Advanced orthodontics may seem like a current medical technique to some, but historically, obsession with straight teeth has encouraged many ancient scholars to try and find methods to achieve it. As early as the Greek and Roman civilisations, Hippocrates and Aristotle proposed ideas for teeth straightening around 300 and 400 BC. There is also a
Advanced orthodontics may seem like a current medical technique to some, but historically, obsession with straight teeth has encouraged many ancient scholars to try and find methods to achieve it. As early as the Greek and Roman civilisations, Hippocrates and Aristotle proposed ideas for teeth straightening around 300 and 400 BC. There is also a piece of archaeological evidence found in a Roman tomb of a dental device with details on how it was used.
Orthodontics in the 18th and 19th centuries
In 1728, Pierre Fauchard wrote a book containing methods used in straightening teeth. Being the father of modern dentistry, he is also credited for experimenting with a device used for widening the upper palate. Several years later, another dentist published his book which had suggestions on how to improve the previously proposed methods by Fauchard. This dentist, Louis Bourdet, was also the first dentist to practice pulling out bicuspids as a remedy for teeth crowding.
It was not until the 19th century that orthodontics was clearly defined as a separate specialty. In 1819, the first use of a wire crib was recorded, and this is also the same time when other materials like steel, precious metals, and rubber were used to make loops, hooks, and spurs used for straightening teeth.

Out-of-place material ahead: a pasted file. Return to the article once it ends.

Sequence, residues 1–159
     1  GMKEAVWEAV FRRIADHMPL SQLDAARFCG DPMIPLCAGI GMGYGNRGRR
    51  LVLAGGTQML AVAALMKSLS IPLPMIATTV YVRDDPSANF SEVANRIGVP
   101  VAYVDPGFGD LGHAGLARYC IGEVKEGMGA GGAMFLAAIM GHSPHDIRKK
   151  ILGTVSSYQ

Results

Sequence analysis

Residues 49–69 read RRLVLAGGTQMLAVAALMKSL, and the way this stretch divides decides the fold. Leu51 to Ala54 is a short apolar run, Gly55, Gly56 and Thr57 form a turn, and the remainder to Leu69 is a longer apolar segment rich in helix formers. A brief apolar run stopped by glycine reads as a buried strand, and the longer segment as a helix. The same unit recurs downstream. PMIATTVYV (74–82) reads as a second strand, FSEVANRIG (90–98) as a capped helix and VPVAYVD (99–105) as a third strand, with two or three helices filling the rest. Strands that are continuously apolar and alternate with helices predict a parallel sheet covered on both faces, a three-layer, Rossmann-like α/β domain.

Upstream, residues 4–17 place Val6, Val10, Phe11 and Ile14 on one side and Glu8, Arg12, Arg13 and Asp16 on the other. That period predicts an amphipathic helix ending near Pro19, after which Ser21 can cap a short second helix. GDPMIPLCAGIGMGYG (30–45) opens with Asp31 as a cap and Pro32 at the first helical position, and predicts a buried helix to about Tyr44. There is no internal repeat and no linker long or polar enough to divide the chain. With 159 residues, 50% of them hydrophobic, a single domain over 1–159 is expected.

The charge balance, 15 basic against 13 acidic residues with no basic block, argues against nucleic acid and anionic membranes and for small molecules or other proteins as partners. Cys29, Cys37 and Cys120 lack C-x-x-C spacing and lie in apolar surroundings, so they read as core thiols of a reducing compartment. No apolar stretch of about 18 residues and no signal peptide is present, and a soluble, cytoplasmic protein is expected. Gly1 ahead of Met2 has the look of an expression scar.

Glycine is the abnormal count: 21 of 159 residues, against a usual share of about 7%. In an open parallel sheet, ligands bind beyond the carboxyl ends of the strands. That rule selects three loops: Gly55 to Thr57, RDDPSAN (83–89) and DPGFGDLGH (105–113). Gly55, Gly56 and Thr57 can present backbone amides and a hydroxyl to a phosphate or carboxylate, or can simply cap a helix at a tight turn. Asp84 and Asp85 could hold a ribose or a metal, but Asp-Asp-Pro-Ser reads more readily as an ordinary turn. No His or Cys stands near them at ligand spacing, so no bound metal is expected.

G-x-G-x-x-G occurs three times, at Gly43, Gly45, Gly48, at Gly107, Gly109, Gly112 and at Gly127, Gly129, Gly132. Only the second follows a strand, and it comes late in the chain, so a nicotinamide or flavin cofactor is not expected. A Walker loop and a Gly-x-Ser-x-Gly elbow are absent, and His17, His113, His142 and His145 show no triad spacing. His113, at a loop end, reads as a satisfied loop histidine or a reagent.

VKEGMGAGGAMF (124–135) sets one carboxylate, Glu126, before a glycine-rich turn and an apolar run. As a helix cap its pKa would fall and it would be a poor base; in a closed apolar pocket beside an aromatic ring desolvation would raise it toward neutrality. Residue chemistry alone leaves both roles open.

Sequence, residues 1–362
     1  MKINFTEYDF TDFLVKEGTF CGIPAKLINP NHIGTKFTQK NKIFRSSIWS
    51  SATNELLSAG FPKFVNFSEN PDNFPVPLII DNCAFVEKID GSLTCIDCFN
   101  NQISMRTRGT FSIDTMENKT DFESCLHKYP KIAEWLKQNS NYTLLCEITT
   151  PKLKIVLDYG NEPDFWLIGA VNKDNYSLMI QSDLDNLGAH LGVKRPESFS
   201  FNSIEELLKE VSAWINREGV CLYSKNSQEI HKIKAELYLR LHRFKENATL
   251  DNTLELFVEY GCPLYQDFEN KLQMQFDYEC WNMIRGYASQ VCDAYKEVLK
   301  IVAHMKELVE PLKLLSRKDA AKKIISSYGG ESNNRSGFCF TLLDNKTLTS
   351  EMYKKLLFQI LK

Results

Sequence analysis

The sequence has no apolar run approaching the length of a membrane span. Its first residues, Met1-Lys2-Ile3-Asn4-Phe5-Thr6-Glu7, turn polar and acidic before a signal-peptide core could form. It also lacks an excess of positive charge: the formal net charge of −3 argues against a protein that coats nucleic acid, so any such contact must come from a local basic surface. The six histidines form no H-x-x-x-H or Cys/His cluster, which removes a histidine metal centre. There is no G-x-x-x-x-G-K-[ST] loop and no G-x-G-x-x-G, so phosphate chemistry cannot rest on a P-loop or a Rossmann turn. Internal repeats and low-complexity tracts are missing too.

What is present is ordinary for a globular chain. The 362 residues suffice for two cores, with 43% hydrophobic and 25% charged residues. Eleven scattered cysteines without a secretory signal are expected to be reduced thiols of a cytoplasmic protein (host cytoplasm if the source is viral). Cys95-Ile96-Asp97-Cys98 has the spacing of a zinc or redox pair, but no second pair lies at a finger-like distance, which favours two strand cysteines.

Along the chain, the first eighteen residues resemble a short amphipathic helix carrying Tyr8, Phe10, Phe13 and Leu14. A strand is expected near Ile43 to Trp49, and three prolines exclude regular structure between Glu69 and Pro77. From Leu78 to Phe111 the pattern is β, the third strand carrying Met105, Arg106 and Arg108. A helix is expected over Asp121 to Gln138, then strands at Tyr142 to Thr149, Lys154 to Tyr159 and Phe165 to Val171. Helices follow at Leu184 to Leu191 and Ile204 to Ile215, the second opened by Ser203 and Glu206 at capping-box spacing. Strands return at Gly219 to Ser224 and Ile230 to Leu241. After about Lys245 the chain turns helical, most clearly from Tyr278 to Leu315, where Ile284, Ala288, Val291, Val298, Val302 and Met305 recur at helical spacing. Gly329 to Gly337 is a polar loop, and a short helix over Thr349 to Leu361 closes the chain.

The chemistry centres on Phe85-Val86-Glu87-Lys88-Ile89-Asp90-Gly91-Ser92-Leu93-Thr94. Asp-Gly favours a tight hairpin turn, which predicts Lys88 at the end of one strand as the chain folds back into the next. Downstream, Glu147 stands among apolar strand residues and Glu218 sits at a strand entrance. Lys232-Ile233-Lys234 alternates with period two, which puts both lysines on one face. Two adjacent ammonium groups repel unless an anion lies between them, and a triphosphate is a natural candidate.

The American Association of Orthodontics was founded in 1901 by Edward Angle. He was also credited for developing a system to classify malocclusions. Before the 1970s, what we know today as modern braces used to be wrapped entirely around the teeth. By the mid-1970s, orthodontists began to use braces that directly adhered to the teeth along with braces that were attached to the back of the teeth.
Modern orthodontics have advanced significantly since the earliest inception of methods used to straighten teeth. With the help of medical technology such as 3D imaging and sophisticated X-Ray machines, orthodontists can get a detailed and extensive look at the problem and propose a solution immediately.
These imaging techniques also lessen the patient’s exposure to radiation, making the process safer. Even orthodontic supplies have also improved in the last 20 years. Improved production methods and a variety of available materials offer diverse options for orthodontists and patients alike. Teeth straightening methods used today include:
- Metal Braces. Conventional metal braces are perhaps the most popular teeth straightening method used today. The treatment usually lasts up to three years depending on the severity of the problem.
- Ceramic braces. Ceramic braces look less conspicuous than metal braces. The process of attaching and treatment restrictions are similar to metal braces.
- These are removable plastic aligners replaced every couple of weeks to adjust as your teeth alignment also shifts. Invisalign is ideal for correcting simple teeth alignment issues but is not effective in correcting bite issues.
- Lingual braces. For patients who are conscious of wearing visible metal braces, lingual braces can be the alternative. This type of braces is attached to the back of the teeth but may pose some difficulties for the patient especially in speaking.
Indeed, orthodontic techniques will continue to evolve as further experimentation on materials and methods bring to light better options for treating teeth alignment issues.